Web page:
The net effect of the bank and thrift regulators' decision to adopt lending guidelines rather than strict loan-to-value ratios is to ratify current practices rather than change lending behavior, say experts on real estate finance.
"We crafted our proposal so that the bulk of lending activity wouldn't be caught," said David Seiders, chief economist of the National Association of Home Builders.
"What we see in the proposed guidelines is very much like our proposal."
The National Realty Committee, which represents commercial lenders and builders, also was pleased. "This will help us make a transition to what we hope will soon become a normal market," said NRC President Steven A. Wechsler. The NRC was pleased that the guidelines, unlike the proposed regulations, would cover restructurings, even if they involve some new money.
Wechsler said commercial banks have about $400 billion in commercial real estate loans, many of which will come due within the coming year and require restructuring.
Robert F. Miailovich, assistant director of policy at the Federal Deposit Insurance Corporation. agreed that the guidelines would have little effect on increasing real estate lending. But he noted that the departure in 1982 from statutory guidelines had a negative impact.
He said the FDIC looked at the 75 biggest real estate loans that went bad at First Republic Bank of Houston and Bank of New England. "Seventy-two of the loans would have been illegal under the 1982 rules," he said.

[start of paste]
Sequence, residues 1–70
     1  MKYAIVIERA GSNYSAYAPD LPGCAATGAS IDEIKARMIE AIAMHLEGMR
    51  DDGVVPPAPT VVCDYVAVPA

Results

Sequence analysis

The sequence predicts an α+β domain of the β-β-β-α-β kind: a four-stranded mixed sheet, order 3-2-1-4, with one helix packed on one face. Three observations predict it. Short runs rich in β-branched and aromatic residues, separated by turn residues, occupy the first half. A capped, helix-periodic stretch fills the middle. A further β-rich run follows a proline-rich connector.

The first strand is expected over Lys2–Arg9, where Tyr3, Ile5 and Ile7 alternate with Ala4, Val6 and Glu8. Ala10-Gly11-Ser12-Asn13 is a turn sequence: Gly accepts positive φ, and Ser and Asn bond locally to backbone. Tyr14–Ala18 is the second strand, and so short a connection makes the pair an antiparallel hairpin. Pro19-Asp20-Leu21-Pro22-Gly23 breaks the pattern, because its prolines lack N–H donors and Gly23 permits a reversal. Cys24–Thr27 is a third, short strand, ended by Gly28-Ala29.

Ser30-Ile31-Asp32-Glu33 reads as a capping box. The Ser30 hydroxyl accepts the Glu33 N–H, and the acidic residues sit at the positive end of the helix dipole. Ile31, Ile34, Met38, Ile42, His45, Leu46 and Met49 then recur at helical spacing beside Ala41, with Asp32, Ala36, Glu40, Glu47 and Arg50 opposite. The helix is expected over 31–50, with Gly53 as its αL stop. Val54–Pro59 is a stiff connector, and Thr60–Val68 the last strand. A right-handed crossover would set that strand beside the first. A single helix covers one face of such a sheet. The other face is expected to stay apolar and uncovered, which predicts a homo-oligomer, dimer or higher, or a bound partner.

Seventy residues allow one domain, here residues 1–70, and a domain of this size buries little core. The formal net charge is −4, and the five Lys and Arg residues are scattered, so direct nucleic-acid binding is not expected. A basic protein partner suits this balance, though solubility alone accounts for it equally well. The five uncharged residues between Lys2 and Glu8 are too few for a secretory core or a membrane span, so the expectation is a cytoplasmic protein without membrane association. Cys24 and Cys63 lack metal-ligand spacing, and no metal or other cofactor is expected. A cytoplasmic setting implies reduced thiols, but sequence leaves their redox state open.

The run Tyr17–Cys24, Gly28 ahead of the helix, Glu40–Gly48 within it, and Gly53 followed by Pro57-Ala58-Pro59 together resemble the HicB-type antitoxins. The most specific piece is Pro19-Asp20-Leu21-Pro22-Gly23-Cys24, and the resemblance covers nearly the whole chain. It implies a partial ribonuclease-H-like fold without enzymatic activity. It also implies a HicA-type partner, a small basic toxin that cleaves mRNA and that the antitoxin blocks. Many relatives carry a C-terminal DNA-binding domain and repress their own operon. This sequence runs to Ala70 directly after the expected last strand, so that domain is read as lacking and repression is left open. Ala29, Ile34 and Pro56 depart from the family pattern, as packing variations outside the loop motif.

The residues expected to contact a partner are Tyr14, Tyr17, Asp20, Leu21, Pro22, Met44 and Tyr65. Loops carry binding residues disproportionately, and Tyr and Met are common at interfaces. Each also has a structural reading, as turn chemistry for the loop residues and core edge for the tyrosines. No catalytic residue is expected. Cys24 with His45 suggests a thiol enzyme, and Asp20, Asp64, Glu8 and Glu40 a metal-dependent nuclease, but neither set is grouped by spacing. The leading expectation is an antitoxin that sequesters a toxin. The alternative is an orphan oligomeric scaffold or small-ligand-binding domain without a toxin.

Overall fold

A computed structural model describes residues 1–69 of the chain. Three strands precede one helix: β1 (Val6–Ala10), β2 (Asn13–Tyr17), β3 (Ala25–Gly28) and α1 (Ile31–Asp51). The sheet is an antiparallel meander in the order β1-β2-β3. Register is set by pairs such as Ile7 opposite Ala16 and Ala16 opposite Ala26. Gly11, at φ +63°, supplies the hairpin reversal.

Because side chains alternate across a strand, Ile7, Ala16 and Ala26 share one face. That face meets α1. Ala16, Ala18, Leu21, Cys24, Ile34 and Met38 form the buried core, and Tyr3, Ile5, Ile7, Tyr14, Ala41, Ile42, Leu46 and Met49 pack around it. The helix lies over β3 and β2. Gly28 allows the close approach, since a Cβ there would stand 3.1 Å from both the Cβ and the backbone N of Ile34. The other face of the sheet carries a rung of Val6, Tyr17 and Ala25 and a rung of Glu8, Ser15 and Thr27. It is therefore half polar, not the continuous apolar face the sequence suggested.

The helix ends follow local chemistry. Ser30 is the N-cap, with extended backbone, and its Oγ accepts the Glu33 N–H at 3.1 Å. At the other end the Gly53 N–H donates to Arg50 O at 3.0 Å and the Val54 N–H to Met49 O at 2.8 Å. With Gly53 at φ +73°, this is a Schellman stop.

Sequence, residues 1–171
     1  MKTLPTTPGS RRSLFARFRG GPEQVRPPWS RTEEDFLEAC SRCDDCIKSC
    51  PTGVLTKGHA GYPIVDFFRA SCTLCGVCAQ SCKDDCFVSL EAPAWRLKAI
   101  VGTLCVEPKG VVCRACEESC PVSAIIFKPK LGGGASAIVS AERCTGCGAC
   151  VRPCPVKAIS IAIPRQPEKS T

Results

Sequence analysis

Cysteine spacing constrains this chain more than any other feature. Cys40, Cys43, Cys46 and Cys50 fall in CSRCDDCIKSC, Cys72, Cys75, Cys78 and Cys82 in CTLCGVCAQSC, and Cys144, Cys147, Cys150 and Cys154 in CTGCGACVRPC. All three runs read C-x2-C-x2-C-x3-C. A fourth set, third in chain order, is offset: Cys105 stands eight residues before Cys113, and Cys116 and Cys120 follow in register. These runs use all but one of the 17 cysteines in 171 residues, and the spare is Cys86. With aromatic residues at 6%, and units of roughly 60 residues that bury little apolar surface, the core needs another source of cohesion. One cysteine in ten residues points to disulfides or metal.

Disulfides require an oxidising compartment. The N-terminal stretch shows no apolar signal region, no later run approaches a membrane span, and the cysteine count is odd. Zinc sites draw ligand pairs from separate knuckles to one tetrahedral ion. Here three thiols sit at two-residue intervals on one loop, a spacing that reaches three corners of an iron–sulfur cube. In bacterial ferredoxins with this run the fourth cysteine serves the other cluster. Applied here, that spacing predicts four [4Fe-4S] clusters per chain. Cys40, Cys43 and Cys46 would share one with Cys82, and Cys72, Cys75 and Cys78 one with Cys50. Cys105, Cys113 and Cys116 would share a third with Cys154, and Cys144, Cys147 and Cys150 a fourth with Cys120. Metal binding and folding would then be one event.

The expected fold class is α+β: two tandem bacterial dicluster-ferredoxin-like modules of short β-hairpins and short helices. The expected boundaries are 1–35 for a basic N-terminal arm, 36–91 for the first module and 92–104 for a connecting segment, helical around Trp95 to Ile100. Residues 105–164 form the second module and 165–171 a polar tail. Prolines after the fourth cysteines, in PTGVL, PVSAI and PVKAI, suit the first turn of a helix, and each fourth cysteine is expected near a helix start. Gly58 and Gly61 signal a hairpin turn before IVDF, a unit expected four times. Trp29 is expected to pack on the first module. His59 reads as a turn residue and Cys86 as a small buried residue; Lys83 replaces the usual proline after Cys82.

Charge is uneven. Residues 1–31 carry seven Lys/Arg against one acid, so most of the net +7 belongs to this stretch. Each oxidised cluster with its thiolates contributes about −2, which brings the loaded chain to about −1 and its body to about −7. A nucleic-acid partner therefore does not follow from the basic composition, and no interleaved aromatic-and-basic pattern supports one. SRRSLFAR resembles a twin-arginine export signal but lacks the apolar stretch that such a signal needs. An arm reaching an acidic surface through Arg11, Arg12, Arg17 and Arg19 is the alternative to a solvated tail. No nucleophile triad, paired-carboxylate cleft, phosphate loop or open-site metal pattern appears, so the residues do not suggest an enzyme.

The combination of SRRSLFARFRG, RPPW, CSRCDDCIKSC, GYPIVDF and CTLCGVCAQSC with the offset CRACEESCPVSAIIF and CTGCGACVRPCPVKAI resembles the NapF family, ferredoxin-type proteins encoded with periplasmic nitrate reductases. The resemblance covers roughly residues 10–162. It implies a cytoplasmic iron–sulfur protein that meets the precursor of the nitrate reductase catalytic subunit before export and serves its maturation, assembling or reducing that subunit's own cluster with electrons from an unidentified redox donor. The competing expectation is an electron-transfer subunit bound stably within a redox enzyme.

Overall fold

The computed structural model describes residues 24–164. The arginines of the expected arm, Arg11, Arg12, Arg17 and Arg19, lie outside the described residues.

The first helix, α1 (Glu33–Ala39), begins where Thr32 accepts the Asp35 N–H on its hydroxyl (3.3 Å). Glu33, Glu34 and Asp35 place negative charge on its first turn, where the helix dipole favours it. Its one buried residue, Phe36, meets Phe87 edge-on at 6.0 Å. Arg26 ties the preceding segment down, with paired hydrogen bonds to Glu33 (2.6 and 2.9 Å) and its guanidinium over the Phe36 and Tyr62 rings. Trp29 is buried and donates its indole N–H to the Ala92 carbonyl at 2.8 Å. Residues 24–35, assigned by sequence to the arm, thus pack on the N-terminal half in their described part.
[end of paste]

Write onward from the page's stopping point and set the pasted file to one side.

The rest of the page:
The limits that will be set by the guidelines are the same as those contained in banking and thrift laws until they were repealed by the Garn-St Germain Depository Institutions Act of 1982.
The FDIC staff had wanted the new restrictions to be issued in the form of a regulation. but the protests of lenders to the proposed regulations caused the principals of the four regulators to bow to Treasury Department pressure and go the guideline route.
The guidelines. however, will go much farther than loan-to-value ratios, according to Miailovich, and will address other safety and soundness criteria for real estate lending.
The FDIC postponed final action on the guidelines until its Oct. 27 meeting. The Federal Reserve Board Is expected to act on them Oct. 21. The Office of Thrift Supervision and the Office of the Comptroller of the Currency also announced the new guidelines.
The guidelines will include loan-to-value ratios. but will note that they are only one of many factors that must be considered. Other factors include the capacity of the borrower, the ability of the borrower to meet debt service. the overall creditworthiness of the borrower, the level of cash equity invested in the property, secondary sources of repayment and additional collateral or credit enhancements.
The LTV ratios will be 65% for raw land. 75% for development, 80% for nonresidential construction and 85% for one- to four-family residential construction and improved property. One- to four-family permanent mortgages and home equity loans will not have a maximum, but those with a LTV ratio of more than 90% must be backed by mortgage insurance or readily marketable collateral.
The ratios may be exceeded on a case-by-case basis up to 100% of an institution's total capital. Multifamily loans that exceed the LTV ratios could be made up to 30% of total capital.
Exempted from LTV limits would be loans guaranteed or insured by the federal government or its agencies; loans backed by the full faith and credit of a state or local government; problem loans that must be renewed, refinanced or restructured in connection with a workout; loans that facilitate the sale of foreclosed real estate; loans where real property is taken in an abundance of caution by the lender; loans, such as working capital loans, for which the lender does not rely principally on real estate as security; and loans that are to be sold promptly after origination, without recourse, to a financially responsible third party.